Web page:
Journal article

CXCR7 functions as a scavenger for CXCL12 and CXCL11

  • Naumann, Ulrike Institute for Research in Biomedicine (IRB), Faculty of Biomedical Sciences, Università della Svizzera italiana, Switzerland
  • Cameroni, Elisabetta Institute for Research in Biomedicine (IRB), Faculty of Biomedical Sciences, Università della Svizzera italiana, Switzerland
  • Pruenster, Monika Walter-Brendel-Center for Experimental Medicine, Ludwig-Maximilians-University, Munich, Germany
  • Mahabaleshwar, Harsha Institute of Cell Biology, University of Münster, Münster, Germany
  • Raz, Erez Institute of Cell Biology, University of Münster, Münster, Germany
  • Zerwes, Hans-Günter Novartis Institutes for Biomedical Research, Autoimmunity, Transplantation and Inflammation, Basel, Switzerland
  • Rot, Antal Medical Research Council, Center for Immune Regulation, Institute of Biomedical Research, University of Birmingham, Birmingham, United Kingdom
  • Thelen, Marcus Institute for Research in Biomedicine (IRB), Faculty of Biomedical Sciences, Università della Svizzera italiana, Switzerland
Show more…
    11.02.2010
Published in:
  • Plos one. - 2010, vol. 5, no. 2, p. e9175
English Background: CXCR7 (RDC1), the recently discovered second receptor for CXCL12, is phylogenetically closely related to chemokine receptors, but fails to couple to G-proteins and to induce typical chemokine receptor mediated cellular responses. The function of CXCR7 is controversial. Some studies suggest a signaling activity in mammalian cells and zebrafish embryos, while others indicate a decoy activity in fish. Here we investigated the two propositions in human tissues. Methodology/Principal Findings: We provide evidence and mechanistic insight that CXCR7 acts as specific scavenger for CXCL12 and CXCL11 mediating effective ligand internalization and targeting of the chemokine cargo for degradation. Consistently, CXCR7 continuously cycles between the plasma membrane and intracellular compartments in the absence and presence of ligand, both in mammalian cells and in zebrafish. In accordance with the proposed activity as a scavenger receptor CXCR7-dependent chemokine degradation does not become saturated with increasing ligand concentrations. Active CXCL12 sequestration by CXCR7 is demonstrated in adult mouse heart valves and human umbilical vein endothelium. Conclusions/Significance: The finding that CXCR7 specifically scavenges CXCL12 suggests a critical function of the receptor in modulating the activity of the ubiquitously expressed CXCR4 in development and tumor formation. Scavenger activity of CXCR7 might also be important for the fine tuning of the mobility of hematopoietic cells in the bone marrow and lymphoid organs.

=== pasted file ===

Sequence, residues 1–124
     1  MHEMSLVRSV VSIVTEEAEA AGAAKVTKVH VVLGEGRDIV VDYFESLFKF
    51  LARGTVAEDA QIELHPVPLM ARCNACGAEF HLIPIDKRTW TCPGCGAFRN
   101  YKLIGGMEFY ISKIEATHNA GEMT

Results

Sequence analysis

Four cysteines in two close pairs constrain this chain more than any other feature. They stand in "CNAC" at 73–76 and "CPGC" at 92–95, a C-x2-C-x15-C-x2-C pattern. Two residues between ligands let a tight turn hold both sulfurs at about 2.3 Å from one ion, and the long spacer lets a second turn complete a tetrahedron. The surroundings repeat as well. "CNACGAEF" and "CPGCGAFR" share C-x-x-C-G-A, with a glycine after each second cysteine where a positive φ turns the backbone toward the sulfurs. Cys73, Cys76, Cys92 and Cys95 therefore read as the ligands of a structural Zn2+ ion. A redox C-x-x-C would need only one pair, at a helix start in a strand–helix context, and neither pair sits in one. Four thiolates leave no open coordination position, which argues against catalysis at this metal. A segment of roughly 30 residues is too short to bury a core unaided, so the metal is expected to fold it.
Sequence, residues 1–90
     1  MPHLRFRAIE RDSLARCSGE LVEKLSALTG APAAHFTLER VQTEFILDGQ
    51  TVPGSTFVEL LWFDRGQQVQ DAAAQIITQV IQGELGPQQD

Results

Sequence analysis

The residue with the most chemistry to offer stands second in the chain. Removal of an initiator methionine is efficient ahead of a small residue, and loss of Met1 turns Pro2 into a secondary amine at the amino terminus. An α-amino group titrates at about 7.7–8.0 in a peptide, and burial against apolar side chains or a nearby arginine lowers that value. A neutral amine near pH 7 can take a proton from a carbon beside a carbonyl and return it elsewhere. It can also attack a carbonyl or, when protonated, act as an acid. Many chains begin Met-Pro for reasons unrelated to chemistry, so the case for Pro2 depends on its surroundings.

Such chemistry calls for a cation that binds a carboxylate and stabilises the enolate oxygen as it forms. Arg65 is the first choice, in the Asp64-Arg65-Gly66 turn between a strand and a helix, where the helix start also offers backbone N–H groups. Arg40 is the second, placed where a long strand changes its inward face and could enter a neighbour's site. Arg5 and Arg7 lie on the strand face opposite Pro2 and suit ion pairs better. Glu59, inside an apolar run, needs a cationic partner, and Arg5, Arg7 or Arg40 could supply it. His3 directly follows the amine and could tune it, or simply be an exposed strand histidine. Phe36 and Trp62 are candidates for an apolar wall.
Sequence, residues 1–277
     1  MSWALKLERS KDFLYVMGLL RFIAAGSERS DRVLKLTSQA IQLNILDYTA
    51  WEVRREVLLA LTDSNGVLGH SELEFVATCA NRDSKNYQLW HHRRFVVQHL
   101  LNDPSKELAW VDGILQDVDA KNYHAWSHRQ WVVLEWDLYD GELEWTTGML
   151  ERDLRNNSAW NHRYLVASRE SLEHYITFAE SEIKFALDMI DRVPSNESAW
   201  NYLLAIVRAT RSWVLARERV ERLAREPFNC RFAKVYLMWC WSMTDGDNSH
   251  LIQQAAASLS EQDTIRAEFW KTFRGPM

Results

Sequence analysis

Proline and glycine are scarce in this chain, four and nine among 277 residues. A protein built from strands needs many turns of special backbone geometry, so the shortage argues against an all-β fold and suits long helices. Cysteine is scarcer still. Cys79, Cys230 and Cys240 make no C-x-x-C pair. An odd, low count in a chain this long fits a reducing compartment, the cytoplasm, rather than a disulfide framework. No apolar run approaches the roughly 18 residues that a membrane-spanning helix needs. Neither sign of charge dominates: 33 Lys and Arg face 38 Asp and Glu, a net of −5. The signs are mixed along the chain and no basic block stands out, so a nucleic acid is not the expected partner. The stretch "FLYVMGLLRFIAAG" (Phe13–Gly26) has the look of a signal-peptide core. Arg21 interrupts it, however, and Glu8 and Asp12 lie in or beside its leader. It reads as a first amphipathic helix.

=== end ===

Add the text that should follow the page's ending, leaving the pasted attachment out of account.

Language
  • English
Classification
Medicine
License
License undefined
Identifiers
Persistent URL
https://susi.usi.ch/usi/documents/318919
Statistics

Document views: 10 File downloads:
  • naumann_plosone_2010.pdf: 3